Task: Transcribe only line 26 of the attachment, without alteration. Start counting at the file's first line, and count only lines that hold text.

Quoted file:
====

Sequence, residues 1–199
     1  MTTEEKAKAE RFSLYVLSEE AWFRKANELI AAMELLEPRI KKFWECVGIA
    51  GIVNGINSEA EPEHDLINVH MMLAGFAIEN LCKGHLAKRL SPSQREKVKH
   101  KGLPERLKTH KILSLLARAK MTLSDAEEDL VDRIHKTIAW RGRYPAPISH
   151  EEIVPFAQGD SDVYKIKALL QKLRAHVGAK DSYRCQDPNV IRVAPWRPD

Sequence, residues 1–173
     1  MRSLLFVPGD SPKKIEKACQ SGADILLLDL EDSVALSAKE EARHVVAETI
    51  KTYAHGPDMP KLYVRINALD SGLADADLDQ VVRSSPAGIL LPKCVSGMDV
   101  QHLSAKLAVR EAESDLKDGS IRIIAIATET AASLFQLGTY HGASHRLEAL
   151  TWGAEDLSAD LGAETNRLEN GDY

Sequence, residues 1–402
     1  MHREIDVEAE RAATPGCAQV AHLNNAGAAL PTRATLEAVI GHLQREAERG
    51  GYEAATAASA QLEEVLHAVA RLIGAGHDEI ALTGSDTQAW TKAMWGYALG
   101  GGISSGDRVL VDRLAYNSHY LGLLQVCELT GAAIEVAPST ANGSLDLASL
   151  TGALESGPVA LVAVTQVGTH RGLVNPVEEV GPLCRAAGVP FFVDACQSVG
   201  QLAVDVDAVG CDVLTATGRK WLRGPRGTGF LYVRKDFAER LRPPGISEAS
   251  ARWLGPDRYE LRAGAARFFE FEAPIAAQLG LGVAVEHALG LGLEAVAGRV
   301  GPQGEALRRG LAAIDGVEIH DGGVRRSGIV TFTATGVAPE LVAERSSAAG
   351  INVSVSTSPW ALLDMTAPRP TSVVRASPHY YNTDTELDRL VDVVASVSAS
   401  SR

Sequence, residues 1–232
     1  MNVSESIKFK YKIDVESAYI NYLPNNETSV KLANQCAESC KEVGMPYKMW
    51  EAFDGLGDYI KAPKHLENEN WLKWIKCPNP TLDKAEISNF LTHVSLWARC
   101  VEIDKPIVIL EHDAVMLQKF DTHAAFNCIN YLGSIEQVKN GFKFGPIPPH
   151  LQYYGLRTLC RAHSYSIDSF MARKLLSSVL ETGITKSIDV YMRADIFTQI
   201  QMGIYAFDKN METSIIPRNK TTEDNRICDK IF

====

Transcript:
   201  QMGIYAFDKN METSIIPRNK TTEDNRICDK IF